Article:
On October 17, 2019, Executive Director, Chris Wood spoke on DC radio station WJFK to discuss the work of LGBT Tech and PowerOn. In this interview with Stevie Bridgewaters, Chris touches specifically on the importance of 5G in bridging gaps between LGBTQ+ populations and technological access.
In an increasingly tech-driven world, access to technology can mean access to employment, education, and other resources, many of which have moved almost exclusively online. "The hope and the benefit," Chris tells Stevie, "is that 5G is gonna bring gigabyte speeds to your phone, because a lot of people don't even have gigabyte speeds in their homes right now."
One of the cities and companies within that city working to expand 5G access is Washington, DC. According to Chris, "Here in DC, we have the director of DDoT [Jeff Marootian] really pushing to make sure 5G is continuing to be spread, not just in parts of the district, but all over the district - because everyone deserves equal access." Although, from a global perspective, the United States has lagged behind many other countries around the world in 5G deployment. One of the individuals working to change that is FCC Commissioner Jessica Rosenworcel stating the following on Capitol Hill earlier this year "However, earlier this year the Defense Innovation Board—the United States military’s premier advisory board of academic researchers and private sector technologists—surveyed the state of next-generation 5G networks and issued a sober warning. They found that “the country that owns 5G will own innovations and set the standards for the rest of the world,” and “that country is currently not likely to be the United States.”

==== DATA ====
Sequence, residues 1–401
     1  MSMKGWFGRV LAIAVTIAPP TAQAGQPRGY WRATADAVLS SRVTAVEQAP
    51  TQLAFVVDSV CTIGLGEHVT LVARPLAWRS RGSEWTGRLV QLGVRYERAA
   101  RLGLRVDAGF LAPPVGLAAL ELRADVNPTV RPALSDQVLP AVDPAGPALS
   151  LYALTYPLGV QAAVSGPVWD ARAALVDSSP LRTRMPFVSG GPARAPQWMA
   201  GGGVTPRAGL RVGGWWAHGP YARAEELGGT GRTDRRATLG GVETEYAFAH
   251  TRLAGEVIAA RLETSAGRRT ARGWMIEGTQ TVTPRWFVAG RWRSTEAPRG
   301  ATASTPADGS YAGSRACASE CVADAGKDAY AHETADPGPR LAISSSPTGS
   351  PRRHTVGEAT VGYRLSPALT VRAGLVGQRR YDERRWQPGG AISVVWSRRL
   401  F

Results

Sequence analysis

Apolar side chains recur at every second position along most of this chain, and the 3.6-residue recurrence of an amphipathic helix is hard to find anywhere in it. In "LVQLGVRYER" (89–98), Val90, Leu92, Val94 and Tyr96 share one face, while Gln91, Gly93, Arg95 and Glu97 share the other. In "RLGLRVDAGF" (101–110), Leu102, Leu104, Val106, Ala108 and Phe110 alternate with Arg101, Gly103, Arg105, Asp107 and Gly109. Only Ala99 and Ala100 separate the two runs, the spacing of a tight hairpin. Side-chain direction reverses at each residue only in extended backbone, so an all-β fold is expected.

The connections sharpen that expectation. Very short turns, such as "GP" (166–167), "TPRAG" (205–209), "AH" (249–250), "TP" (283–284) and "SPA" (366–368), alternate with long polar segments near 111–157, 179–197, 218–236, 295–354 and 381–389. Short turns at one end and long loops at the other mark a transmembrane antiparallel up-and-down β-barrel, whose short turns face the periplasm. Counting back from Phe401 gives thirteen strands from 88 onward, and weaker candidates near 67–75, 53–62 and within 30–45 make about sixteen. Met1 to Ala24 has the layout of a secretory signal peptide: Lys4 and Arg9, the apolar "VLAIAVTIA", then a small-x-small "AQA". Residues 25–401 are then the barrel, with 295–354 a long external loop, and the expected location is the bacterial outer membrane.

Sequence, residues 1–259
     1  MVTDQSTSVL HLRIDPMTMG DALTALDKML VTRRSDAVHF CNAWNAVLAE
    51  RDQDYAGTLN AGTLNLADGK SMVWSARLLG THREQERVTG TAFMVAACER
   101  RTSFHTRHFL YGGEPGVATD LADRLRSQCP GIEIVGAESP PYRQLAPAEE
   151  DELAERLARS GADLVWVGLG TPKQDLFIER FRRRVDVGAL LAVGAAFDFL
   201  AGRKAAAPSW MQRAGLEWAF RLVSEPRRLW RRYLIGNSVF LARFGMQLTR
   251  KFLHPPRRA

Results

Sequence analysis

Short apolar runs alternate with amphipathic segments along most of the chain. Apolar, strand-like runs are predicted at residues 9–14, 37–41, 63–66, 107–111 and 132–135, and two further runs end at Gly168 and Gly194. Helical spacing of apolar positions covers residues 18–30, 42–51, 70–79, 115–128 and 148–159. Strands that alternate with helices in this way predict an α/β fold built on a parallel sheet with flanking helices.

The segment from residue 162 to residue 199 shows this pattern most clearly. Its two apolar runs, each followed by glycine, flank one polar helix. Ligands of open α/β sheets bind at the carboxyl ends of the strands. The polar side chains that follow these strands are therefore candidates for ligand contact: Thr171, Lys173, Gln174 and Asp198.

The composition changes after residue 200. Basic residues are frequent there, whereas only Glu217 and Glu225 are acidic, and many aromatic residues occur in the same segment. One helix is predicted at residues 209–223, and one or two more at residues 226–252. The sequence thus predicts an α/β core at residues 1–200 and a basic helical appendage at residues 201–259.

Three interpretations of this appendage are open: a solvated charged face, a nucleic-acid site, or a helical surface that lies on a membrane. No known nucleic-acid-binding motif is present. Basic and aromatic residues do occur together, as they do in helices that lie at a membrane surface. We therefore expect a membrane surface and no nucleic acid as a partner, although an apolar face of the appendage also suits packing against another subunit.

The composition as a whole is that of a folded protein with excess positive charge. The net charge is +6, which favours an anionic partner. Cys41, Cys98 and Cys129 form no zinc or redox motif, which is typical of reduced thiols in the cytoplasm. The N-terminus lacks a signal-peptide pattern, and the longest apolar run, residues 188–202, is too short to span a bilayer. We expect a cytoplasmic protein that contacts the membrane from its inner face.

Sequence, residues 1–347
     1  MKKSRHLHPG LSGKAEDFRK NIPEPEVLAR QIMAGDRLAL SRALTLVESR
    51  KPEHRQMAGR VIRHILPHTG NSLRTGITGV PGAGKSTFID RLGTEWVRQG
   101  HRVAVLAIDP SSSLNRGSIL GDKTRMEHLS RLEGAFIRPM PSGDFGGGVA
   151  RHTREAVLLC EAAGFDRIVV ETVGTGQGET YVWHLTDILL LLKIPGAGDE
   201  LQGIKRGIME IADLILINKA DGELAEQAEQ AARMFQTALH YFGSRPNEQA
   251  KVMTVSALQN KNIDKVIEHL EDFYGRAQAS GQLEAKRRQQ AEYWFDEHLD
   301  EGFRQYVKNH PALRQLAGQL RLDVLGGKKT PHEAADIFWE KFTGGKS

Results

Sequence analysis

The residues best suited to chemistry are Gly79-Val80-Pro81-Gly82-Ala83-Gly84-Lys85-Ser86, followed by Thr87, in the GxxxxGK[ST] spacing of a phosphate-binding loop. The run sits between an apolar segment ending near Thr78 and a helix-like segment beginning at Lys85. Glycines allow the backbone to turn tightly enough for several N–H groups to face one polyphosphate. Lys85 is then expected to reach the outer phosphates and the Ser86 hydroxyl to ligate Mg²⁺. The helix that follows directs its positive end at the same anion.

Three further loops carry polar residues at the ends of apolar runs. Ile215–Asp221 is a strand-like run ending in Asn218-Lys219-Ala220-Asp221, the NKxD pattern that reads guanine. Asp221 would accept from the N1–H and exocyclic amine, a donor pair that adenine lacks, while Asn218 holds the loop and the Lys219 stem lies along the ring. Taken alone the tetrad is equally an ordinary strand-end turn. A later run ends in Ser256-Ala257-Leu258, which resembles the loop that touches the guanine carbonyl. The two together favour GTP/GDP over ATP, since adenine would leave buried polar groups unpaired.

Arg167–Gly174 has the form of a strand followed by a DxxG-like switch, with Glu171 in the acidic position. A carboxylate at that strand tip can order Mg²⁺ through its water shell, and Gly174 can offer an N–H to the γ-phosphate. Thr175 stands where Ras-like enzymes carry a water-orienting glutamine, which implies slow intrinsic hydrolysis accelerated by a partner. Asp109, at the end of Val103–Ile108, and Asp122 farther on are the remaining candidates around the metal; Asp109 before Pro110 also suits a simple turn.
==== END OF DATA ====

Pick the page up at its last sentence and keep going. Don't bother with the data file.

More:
For areas without 5G, satellite internet can be a viable alternative for some. Satellite, however, comes with a literal cost that many just can't afford. As Chris tells Stevie, "Satellite internet is great, but still very expensive, and you can't really access it unless you have the economic power to do so - and that's a disservice, especially as our youth and our kids are required to do homework online."
Those whose families can't afford internet access or the technology to access it have to rely on resources outside of home - after school programs, community centers, and other places with free Wi-Fi and accessible tech. "They're working twice, or three times as hard to complete the same education as everyone else, and that's just not fair."
Whether through the PowerOn program that connects LGBTQ+ individuals and centers with the tech they need, or through advocating for policy and legislation that protects LGBTQ+ communities, LGBT Tech will continue to work on these issues, along with others that lie at the intersection of technology and LGBTQ+ communities. As Chris says in the interview, "not everybody has the same connectivity, so help us make sure that everybody does."
Listen to the full WJFK interview.
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